Article / 21 July 2016 at 15:11 GMT

Equities looking strong on both sides of the pond

Technical Analyst / FuturesTechs
United Kingdom
  • Dax has recovered from weakness earlier in the week, looks to go higher
  • Scales have tipped from bullish to neutral for British equities
  • S&P 500 and Dow make new all-time highs

Blue sky
 Nothing but blue sky, as new all-time highs put the Dow in uncharted territory. Pic: iStock

By Clive Lambert

The last year has seen varying fortunes for equity markets, depending on which side of the pond you look.

The Dax (I look at the front-month futures across markets) topped out in April 2015 at 12,429.5 and has since retreated all the way back to 8,690.5 in February this year. We then staged a decent recovery, getting up to 10,522 by this April, recovering almost half of the losses seen from the highs.

The last month has seen a big drop to 9,152 on "Brexit day", then a solid recovery, having printed 10,189 today. I expected to see sellers returning at these current levels since we filled the gap created by that nasty reaction to Brexit, and also because we have the 200-day SMA sitting around here. However, after some weakness on Monday and Tuesday, we've once again seen a recovery, and it looks like we could go higher, targeting 10,340, 10,375, then 10,522.

We would only back the bears once more on a break below the strong supports at 10075, 9910 and 9,870.

The Eurostoxx 50 chart looks less impressive (if you're bullish) longer term. It left a gap on the "Brexit Friday" open at 2,978. This was Monday's high -- to the tick. And we've failed here again today. So this is causing trouble and gives the bears something to shout about. If we don’t get above here, but sell off and take out 2,903, we’ll get a (double top) sell signal.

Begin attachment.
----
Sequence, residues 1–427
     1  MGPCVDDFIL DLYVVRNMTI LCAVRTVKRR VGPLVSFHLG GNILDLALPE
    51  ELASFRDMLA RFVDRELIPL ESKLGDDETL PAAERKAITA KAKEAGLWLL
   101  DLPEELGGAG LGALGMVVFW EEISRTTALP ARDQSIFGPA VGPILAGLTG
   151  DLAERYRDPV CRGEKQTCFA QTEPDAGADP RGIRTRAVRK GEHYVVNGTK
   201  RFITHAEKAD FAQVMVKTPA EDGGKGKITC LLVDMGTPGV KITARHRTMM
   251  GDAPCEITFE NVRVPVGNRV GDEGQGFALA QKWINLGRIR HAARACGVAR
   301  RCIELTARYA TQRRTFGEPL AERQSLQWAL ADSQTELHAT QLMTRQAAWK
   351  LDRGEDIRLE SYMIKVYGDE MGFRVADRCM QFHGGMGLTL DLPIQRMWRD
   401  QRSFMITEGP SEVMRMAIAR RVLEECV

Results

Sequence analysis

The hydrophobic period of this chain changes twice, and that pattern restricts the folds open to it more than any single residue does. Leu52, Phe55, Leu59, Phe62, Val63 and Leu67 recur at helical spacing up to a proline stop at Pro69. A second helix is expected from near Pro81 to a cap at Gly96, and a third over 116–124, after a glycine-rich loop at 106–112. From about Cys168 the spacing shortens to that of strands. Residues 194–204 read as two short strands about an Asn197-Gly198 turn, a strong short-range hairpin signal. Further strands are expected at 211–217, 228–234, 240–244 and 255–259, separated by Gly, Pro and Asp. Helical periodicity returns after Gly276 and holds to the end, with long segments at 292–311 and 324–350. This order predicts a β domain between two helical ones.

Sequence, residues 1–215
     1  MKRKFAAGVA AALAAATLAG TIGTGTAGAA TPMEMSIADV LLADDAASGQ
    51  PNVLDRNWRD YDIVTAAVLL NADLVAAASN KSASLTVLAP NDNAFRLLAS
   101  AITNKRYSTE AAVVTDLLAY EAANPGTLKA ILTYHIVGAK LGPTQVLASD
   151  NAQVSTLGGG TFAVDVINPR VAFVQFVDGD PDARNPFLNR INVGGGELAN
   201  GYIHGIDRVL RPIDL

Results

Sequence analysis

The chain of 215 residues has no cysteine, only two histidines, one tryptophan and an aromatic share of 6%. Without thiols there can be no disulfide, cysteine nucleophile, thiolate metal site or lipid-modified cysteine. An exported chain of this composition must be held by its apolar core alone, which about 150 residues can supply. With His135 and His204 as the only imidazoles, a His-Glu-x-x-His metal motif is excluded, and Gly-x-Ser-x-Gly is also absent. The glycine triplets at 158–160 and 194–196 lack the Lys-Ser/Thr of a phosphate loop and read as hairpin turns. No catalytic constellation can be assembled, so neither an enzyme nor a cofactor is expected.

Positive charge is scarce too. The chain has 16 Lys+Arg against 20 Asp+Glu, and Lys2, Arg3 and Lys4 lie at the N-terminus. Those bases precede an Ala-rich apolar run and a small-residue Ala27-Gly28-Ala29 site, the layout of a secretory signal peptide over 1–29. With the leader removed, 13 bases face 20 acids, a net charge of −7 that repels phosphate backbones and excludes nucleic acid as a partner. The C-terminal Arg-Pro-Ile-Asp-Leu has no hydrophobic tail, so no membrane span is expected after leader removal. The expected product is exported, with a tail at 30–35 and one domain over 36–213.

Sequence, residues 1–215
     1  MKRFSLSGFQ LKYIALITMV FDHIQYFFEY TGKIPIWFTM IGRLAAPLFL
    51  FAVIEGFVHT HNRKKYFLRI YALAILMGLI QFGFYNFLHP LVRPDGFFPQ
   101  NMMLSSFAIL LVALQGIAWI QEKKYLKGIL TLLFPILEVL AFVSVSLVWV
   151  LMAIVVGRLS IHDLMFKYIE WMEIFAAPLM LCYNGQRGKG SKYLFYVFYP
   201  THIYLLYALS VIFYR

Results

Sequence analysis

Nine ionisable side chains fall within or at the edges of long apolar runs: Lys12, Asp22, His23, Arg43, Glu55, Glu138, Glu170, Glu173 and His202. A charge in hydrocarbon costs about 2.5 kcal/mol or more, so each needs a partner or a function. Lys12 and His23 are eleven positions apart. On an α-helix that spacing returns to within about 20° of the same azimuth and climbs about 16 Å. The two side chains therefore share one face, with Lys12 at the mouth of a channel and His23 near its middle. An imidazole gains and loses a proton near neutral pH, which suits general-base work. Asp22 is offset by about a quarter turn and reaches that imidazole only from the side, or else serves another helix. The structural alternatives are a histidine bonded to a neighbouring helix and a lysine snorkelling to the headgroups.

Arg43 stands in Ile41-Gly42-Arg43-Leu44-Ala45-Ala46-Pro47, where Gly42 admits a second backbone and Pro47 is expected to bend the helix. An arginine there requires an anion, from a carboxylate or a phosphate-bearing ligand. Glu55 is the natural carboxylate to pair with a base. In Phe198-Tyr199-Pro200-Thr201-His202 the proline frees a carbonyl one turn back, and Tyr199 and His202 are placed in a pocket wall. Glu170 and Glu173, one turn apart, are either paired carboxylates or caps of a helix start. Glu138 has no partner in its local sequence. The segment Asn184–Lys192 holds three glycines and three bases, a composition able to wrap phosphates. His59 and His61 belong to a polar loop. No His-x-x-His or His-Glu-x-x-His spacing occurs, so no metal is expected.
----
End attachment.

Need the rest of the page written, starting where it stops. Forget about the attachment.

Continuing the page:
The FTSE has done the best on the recovery since Brexit.  Interestingly, the low on that day was around a big Fibonacci support at 5,700. That’s a foggy memory now though, as we’ve put on close to 1,000 points from there. 

However, the last seven candles have all been what us candlestick watchers call “high wave”, ie. they’ve all had small real bodies. The real body is the difference between the open and close. So, if this is small, it essentially says “no one won today” in the perpetual battle between bulls and bears.. These sorts of candles often portend a reversal, as they’re telling us that the market has gone from being bullish (buyers outweighing sellers) to neutral (buyers and sellers equal); a tipping of the scales, as it were.

I have been waiting for a correction lower on this basis, but so far, it hasn’t come. The trigger level could be 6,558, with other supports below that at 6,370-6,400, then 6,300.

On the other side of the pond, the Dow and S&P 500 are making new all-time highs almost daily and, as I mentioned last week, there are a few “runaway gaps” appearing, suggesting things may be getting just a little “frothy”. So far though, we haven’t seen any signs of an awakening from the bears, so we’re not suggesting betting against things. 

The S&P’s latest version of a new all-time high (ATH) was a 2,170 print overnight. We have a “big” Fibonacci target that we’ve been talking about for a while now, just above here at 2,177. 

The Dow futures made a new all-time high when it gapped higher last Thursday. The previous ATH was set last May. We have now reached 18,565, and our next upside target (again using Fibonacci extensions as a “guide” because in effect there is no resistance up here, as we’ve never been up here before) is 18,896.

The NASDAQ hasn’t reached its ATH yet, as this was a 4,884 print back in 2000, which marked the top of the dotcom bubble (don’t worry, it’s different this time -- they always say that, though). In fact, the NASDAQ 100 future is still shy of its high/failure from last December, which is 4,739.50.

For now, the old mantra of “the trend is your friend” seems to be the best thing to apply. Continue to back the bulls until you get some solid evidence that things have turned around, because right now, what we’re seeing is dips being bought.

– Edited by D. Deacon

Clive Lambert is chief technical analyst at FuturesTechs


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